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We need to change our ways but many won’t… and the weather is getting more and more erratic…

17 comments

 

 

It’s a shame that 
others species also
have to suffer
the dire consequences
of global warming and man’s pollution.

When i was a kid,
i realized that, in the future,
we would — in ignorance — 
be fueling our own hell.

 

Tiny Jewelweed Wildflower … Photo by Thomas Peace c. 2019

17 Comments Join the Conversation

  1. Yes. And even more, that we see the starkly detrimental effects of our, see it everywhere, water, air, land pollution …everywhere… and our current administration elects to politically adgendcize ( Pardon my spelling) its existence for personal gain. It is a damned shame. M 😦

    Reply

    • Yes, the current U.S. administration is basically doing everything it can to deny what scientists are saying about global warming; the current administration is fundamentally, terrifyingly enough, anti-environment. That is likely partially why one of the most caring and kindhearted of environmentalists, David Attenborough, who is 93 and who has made wonderful nature documentaries for decades, said that he would kill D. Trump if he had the chance.

      Reply

  2. Tom, it doesn’t take a rocket scientist to see the effects of our carelessness. I got excited when I saw lightning bugs/fireflies in my backyard. I haven’t even seen those pesky Japanese Beetles/June bugs that usually terrorize my foliage around the end of May- the first week in June. If we somehow monetized the environment, then we’d probably see more support and fight for its survival. Daggone shame and disgrace! 😦

    Reply

    • We had some of the June Bugs but not as many. Maybe the environment is wiping them out too.
      There is a preponderance of people out there, Kym, who just want to continue with the status quo and who don’t care enough about changing things. It is a shame and a disgrace. There used to be certain countries with people that annihilated Jews; now there are countries with people that annihilate nature (and they walk around thinking that they are perfectly OK).

      Reply

  3. Keep your “light” on Tom. Stay in touch with all the beings we love that visit us day to day and remind us all is not lost. The other night even a lone fire fly flew through to tell me that lol. I’ve been seeing cooperation amongst insects like I’ve never seen before. I’m trying to focus on what I want to see and more fire flies is on my list 🙂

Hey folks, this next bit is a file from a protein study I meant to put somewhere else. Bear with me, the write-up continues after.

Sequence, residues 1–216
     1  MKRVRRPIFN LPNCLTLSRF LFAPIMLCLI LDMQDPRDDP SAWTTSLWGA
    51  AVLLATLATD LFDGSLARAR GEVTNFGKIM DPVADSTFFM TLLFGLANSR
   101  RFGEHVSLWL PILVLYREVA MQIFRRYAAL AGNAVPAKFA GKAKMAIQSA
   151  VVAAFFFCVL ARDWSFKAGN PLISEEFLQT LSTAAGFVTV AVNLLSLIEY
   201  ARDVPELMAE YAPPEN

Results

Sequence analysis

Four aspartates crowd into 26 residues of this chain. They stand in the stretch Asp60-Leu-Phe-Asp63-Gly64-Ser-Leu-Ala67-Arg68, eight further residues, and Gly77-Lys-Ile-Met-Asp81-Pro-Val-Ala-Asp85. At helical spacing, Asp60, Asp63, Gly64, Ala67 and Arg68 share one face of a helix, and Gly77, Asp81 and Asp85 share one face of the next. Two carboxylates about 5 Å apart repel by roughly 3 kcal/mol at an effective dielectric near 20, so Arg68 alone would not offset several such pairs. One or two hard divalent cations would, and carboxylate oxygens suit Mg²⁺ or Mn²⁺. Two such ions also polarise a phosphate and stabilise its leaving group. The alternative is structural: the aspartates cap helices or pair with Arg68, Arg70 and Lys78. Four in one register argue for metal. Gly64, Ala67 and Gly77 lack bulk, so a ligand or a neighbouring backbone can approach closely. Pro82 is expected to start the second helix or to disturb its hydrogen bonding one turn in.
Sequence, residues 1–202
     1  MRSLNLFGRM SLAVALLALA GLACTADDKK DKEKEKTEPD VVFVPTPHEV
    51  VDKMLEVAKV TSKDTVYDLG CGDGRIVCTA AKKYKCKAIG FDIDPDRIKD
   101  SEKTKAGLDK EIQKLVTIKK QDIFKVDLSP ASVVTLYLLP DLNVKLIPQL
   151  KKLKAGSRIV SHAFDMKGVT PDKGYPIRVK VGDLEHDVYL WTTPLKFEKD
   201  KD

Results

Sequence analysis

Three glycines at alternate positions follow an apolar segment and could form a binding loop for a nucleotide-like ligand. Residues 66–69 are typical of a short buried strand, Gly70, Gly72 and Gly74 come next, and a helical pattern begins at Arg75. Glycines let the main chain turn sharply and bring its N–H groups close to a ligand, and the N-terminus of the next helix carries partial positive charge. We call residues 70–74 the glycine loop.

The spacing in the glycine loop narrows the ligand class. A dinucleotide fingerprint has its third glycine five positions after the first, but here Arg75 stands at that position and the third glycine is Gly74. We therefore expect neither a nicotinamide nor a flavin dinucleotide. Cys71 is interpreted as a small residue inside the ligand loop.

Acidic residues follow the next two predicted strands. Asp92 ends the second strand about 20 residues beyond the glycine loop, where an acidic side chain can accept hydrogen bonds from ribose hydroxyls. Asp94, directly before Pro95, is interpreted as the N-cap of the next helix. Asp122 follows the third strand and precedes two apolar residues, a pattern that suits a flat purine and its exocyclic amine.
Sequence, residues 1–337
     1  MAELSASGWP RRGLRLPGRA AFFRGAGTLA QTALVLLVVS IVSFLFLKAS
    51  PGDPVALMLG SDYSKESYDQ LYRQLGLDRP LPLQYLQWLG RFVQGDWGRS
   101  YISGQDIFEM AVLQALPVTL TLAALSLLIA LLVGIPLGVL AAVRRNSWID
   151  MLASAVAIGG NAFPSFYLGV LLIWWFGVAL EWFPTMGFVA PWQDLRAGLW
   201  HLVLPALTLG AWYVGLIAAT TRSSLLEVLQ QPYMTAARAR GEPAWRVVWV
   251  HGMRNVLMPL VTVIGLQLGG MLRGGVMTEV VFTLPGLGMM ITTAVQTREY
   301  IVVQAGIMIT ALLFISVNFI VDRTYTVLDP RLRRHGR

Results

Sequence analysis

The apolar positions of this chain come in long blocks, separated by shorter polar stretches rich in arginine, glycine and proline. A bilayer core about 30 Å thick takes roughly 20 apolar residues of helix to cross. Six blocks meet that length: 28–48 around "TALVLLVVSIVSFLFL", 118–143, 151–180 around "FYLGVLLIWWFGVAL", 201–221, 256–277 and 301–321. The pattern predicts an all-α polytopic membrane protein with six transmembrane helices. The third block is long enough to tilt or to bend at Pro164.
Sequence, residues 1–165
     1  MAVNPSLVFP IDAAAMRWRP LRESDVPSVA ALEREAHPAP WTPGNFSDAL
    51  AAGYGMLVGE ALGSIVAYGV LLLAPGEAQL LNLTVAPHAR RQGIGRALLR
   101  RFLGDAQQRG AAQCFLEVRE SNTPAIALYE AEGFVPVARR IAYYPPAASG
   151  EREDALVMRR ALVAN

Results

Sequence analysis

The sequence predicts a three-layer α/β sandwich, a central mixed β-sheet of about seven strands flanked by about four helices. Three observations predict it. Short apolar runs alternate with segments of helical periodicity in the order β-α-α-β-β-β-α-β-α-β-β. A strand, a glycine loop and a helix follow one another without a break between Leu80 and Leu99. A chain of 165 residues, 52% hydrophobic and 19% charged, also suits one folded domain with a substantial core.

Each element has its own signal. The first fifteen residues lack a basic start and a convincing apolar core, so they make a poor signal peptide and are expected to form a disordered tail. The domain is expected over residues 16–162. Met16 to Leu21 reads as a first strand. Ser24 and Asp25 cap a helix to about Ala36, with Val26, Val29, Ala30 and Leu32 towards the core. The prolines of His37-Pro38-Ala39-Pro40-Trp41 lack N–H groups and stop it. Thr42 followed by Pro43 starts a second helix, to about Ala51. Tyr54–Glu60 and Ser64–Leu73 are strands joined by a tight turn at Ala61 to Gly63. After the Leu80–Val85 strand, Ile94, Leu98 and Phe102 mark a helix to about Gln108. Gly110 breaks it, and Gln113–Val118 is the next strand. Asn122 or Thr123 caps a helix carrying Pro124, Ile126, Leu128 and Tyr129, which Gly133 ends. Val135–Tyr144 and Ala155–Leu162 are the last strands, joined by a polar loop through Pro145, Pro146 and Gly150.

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  4. My favorite weatherman just posted a lengthy article on climate change, citing small and large things we humans have done that helped contribute to climate change. I read it and knew about most of the things man has done, but he mentioned the use of nitrous oxide and how it has harmed the atmosphere. Never thought about that as it is not like it is escaping into thin air? He even mentioned his Black-Eyed Susans that bloomed in early August every year since he moved in his house in 1992. In recent yearsy, they bloom a full two weeks earlier. This is a beautiful and vibrant wildflower you’ve captured here Tom and the raised portions on the petals makes it look three-dimensional.

    Reply

    • Thanks, Linda, about the wildflower and about your concern for the environment. Unending (unnaturally heavy) rain is occurring here now as i am typing this. It is supposed to rain here, our weather report says, for the next five days. It’s another unnatural factor — nitrogen oxide is — and way more needs to be done to eliminate it. Large trucks, however, will not be eliminated (as they are) for a long time, unfortunately. We humans are not fitting in well with what is natural (i.e., with nature).

      Reply

      • I wish, as I have in the past, that I would have been born in another era, even just two or three decades before I was born (1956). I look around me and just shake my head. This meteorologist has been following climate change for decades now … meteorologically and just observing every day occurrences and noting them. We have not seen water levels like this in 33 years … about six years ago people with boats were complaining there was not enough water in lakes and rivers to enjoy their sport and now they are complaining about lakeshore flooding, dangerous waves. This morning the USCG and police divers are trolling the Detroit River for a 42-year-old woman who jumped in the water near Elizabeth Park (which I often feature in my posts). Others in the boat said she was not intoxicated, just went for a swim, jumped off the boat and got caught up in strong currents … I can’t tell you how many kayakers have had to be rescued recently due to stronger-than-usual currents.

  5. Yes, Linda, i remember you saying that before (about wishing to be in another era). I certainly understand not wanting to be in these insane and polluted times. We are on very thin ice.
    So sad about that woman. We had endless rain last night and are due for rain each and every day through the forecast period. Quite unnatural, i’d say.

    Reply

  6. Hi Tom I am a poet, published writer and nature lover. I created an anagram that is published title Nature is the NeuArt I too write on my photos up close in nature. RECYCLE check out my bags at http://www.5love2.com where I give 52 cents for every bag sold to a charity!

    Reply

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